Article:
It's at that point that my sister, who in her entire life has never had any interest or aptitude for sports, rounded her arm behind her head, and fast-balled the apple towards center stage. At Mach-5, this red round missile hit me right between the eyes. Now if you take a moment to recall the sound that echoes in your jaw when you take that first bite out of an apple, and the sound of a wooden baseball bat hitting a big fat softball right out of the park, and mix those two together, you get a pretty gruesome sound. And the audience knew it too, because they all said as one, "Ooooh!"

I'm five years old. I just got blasted in the face by my big sister in front of a room full of adults and all the cool kids in Grades 1 through 8. All my friends were waiting in the wings. And I couldn't see my Mom or Dad anywhere. I wanted to cry. My eyes were way ahead of me, holding back the tears on the lower edge of my eyelids for the very moment that my lip started to quiver. It felt like my face was on fire, (and I was most definitely cross-eyed) but I stood there for what seemed an eternity and came to a realization that has served me well ever since. The show must go on.

So I stiffened up, looked out to the crowd and said in a very weak, heartbreaking voice, "Oh! The s-s-sky is f-f-falling!!" and marched over to stage right to find my good friend Henny Penny. I looked up at the Hen and thought, 'Man, your costume sucks!' without realizing she was a mirror image to my own costume. The girl just stared at me in awe of my sheer courage for going on with the show. Either that or she was shit scared that apples were actually being thrown from the audience if you gave a sucky performance. She looked at me almost horrified and said, "Are you okay? I saw the apple." I tried to brush it off and quickly said, "Yes, I'm fine! Come on, the show must go on!"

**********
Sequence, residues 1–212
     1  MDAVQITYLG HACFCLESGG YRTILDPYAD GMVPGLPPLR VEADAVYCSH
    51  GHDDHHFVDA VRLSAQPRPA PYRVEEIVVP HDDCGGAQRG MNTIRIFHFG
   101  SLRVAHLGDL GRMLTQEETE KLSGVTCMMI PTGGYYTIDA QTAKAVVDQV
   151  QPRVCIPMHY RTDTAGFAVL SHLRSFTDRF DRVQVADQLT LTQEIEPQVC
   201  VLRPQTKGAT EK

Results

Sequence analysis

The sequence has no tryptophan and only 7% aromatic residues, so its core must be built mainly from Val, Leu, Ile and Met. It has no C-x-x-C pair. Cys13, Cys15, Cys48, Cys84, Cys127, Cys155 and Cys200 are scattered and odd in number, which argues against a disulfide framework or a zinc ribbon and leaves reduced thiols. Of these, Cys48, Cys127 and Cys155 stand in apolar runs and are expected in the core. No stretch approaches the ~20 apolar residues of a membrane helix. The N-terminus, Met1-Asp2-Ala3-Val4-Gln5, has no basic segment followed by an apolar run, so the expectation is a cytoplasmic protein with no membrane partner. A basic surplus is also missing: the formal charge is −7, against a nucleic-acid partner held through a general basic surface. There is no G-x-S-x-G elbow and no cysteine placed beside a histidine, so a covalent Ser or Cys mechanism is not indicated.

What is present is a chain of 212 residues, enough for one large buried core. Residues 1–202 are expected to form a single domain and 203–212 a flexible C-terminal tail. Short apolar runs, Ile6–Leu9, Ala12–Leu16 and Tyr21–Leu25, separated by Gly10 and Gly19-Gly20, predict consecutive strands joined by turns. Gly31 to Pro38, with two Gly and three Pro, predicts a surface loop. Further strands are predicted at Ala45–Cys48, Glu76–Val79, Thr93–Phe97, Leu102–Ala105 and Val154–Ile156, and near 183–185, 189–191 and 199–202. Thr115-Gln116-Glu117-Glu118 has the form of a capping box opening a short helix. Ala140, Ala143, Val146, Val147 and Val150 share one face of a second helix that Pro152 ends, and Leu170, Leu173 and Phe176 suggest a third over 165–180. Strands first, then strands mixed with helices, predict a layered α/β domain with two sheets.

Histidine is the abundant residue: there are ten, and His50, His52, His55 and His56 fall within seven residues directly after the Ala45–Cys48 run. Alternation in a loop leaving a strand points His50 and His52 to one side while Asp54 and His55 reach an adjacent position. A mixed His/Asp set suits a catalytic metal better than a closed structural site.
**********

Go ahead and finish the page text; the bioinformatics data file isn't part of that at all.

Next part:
Off to the other side of the stage we went to find our other friend, Goosey Loosey. Same thing as before, I get there and my friend is peering out at the attacking audience in fear for her life. She took one look at me and tried to say, "Are you okay?" but I just stammered and flicked my pathetic cardboard wing towards the stage saying, "I'm fine! C'mon!" It went back and forth like this until we had a mass of frightened, cardboard-clothed children on stage. The story finishes off by having the whole flock of bird characters die by being eaten alive by a Fox, all but one very lucky Chicken that is, who then gets to tell the King about the oncoming apocalypse and that his entire posse, (or "Fellowship of the Apple") have been consumed by a fox. For his reward, the King sick's his dogs on the Fox and restores life to the Chicken Little gang, (how he does that exactly, I have no idea).

The only question I have in regards to the whole story is this: What the hell did any of that have to do with Thanksgiving? I'm pretty sure the teachers just saw Thanksgiving = Turkey. Turkey = Chicken. Chicken = Little. But what is the message? Is it that we must be thankful for all that we have and that it might all be gone one day so abuse it all while you can?


Is the message a warning not to be like the little Chicken who jumps to a conclusion and whips the populace into mass hysteria, where upon the unscrupulous Fox would no doubt use the lies to manipulate the rest of the world for his own benefit?

The answer...

Who gives a shit? I'm five years old, I got smashed in the face with an apple, and I'm about to get an ice cream cone for a job well done. The sky be damned!